Listen, with respect, to advice provided by the pros. They’re pros for a reason, and their experience can help you become a better writer. Listening, and actually hearing, what the pros are telling you about your writing could help more than you realize. Students willing to learn are rare, so soak up as much information as you can and apply it to your writing. Editors will love you.

Respect the confidentiality entrusted in you by publishers and agents. Yakking all the details of their business deals will put you in a bad light.

Respect YOURSELF. Don’t dismiss your own morals and values to acquire a publishing contract, or to “protect” your career. Leave your career in God’s hands and respect yourself enough to walk away from anyone who attempts to tarnish those morals in any way, whether it be sexually, contractually, or editorially.

Character, Ethics, and Integrity

I read an interesting article on character as I wrote this one. “People of good character are guided by ethical principles even when it’s physically dangerous or detrimental to their careers, social standing, or economic well-being. They do the right thing even when it costs more than they want to pay. … Character is ethics in action.”

Another article explains the difference between integrity and character as this: having integrity means recognizing a problem and refusing to do the wrong thing; character means recognizing that problem and doing something to correct it or stop it.

Your communications and interactions with industry professionals will reveal your character. Are you negative or positive? Are you harsh or kind? Are you demanding or understanding?

Do you choose your friendships based on what that person can do for your career? Do you ignore the receptionist or the janitor while gushing over the agent or publisher? Do you berate editors for changing a comma? (Yes, it’s happened.)

Click to Tweet: Act professionally, even when you don’t think it matters – because it actually does.

As Christians, we must operate with the utmost respect and integrity, because our character – and our witness – as Christians demands just that.

“Conduct yourselves in a manner worthy of the gospel of Christ” ~ Philippians 1:27 NASB

Tracy Ruckman owns TMP Books where she coaches beginning writers with notepad scribblings all the way through to a finished book.

What’s in Your Media Kit?

by Tracy Ruckman

One of the first tasks authors should tackle when their first book is scheduled for release is build a media kit. This task applies to both traditionally published and self-published authors. Assembling the kit before the book is released will save hours and frustration later and having a media kit could provide you with more opportunities for outreach.

Purpose of a Media Kit

The main purpose of the media kit is convenience – you want to make it easy for anyone wanting to promote or interview you about your book to get information quickly. Before the internet, media kits were physical packets assembled and mailed out to publicists and editors of newspapers and magazines. Today, the media kit is usually a dedicated page on your website where publicists, editors, bloggers, media outlets, and others can grab your information instantly.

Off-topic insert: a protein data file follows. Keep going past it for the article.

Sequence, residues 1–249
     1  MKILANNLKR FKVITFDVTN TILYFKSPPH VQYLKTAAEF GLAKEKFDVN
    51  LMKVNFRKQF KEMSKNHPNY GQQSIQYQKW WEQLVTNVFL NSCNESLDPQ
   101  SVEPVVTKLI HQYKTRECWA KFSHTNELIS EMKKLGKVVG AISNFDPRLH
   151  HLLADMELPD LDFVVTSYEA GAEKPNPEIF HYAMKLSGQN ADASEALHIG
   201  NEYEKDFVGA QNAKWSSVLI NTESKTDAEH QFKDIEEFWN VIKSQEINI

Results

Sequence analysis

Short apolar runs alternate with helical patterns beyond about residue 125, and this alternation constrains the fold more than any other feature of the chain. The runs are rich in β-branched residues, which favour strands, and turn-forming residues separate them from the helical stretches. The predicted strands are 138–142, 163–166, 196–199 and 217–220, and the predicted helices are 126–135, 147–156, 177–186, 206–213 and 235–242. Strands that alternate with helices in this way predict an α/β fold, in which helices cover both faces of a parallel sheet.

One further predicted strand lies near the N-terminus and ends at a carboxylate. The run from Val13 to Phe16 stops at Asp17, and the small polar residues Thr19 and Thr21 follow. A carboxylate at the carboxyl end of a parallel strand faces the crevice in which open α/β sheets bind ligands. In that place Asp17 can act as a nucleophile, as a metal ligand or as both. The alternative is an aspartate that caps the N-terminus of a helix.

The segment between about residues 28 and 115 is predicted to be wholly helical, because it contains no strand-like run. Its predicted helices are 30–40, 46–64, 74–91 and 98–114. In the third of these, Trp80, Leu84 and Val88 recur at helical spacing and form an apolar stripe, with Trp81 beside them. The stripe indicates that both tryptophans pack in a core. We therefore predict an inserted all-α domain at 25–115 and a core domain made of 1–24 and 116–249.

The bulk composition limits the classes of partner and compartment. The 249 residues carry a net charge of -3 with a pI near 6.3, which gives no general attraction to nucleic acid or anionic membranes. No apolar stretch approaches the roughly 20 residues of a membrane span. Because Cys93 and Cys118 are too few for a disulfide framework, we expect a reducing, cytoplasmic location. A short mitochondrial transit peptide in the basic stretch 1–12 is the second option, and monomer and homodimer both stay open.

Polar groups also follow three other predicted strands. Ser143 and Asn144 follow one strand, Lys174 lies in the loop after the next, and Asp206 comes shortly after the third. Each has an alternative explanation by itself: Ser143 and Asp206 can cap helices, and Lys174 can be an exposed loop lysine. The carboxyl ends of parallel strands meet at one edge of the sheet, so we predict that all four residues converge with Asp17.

You can provide the information two ways (and providing it both ways is a huge plus): as individual elements that can be downloaded or copied/pasted by whoever needs it; and as a single downloadable pdf. The pdf would include all the elements listed below.

What to Include in Your Media Kit

  • Headshots – provide two to four different types of headshots, with various poses from casual to formal and in different color clothing. Use professional quality shots and provide them in high resolution formats, in jpeg format. The variety will allow each outlet to decide which image best fits for their readers and their format, and the high resolution will give them the best quality so they can make the photo any size they need. (If you provide a low resolution image, your picture will be grainy and pixelated, so it might not get used.)
  • Book cover image – provide the front cover image of your book, also with high resolution.
  • Back cover blurb
  • Your bios – Please provide two bios, one long and one short, and identify them as such. The short bio should be around 100 words, the long bio 200-250 words. Write them in 3rd person. Some markets may allow or want longer bios, while others can only use the short ones.
  • Press releases – Press releases are optional, but they’re handy to have on hand. If you don’t know how to write one, you’ll need to learn. Press releases follow a specific format and layout, so if you make them available in your media kit, you’ll need to do it correctly.
  • List of links to your website/blog, links to your book, links to your top social media pages
  • Media – If you are a speaker or teacher, or if you’ve already conducted some radio interviews or podcasts, include video and/or audio clips of some of those in your media kit. These samples will let media see and hear your personality to know how you’ll best fit their own programs.
  • List of Topics/Themes – Including a list of speaking topics and/or themes in your book serves different purposes. The list provides media with talking points, especially as they are relevant in today’s headlines, while also providing event organizers ideas for how to use you in their programs. The list also serves as keywords for SEO purposes, so your website/blog can be found under searches for those themes, which could bring you new readers or opportunities.
  • Events – If you already have experience as a speaker or workshop presenter, list those events with dates, locations, topics presented.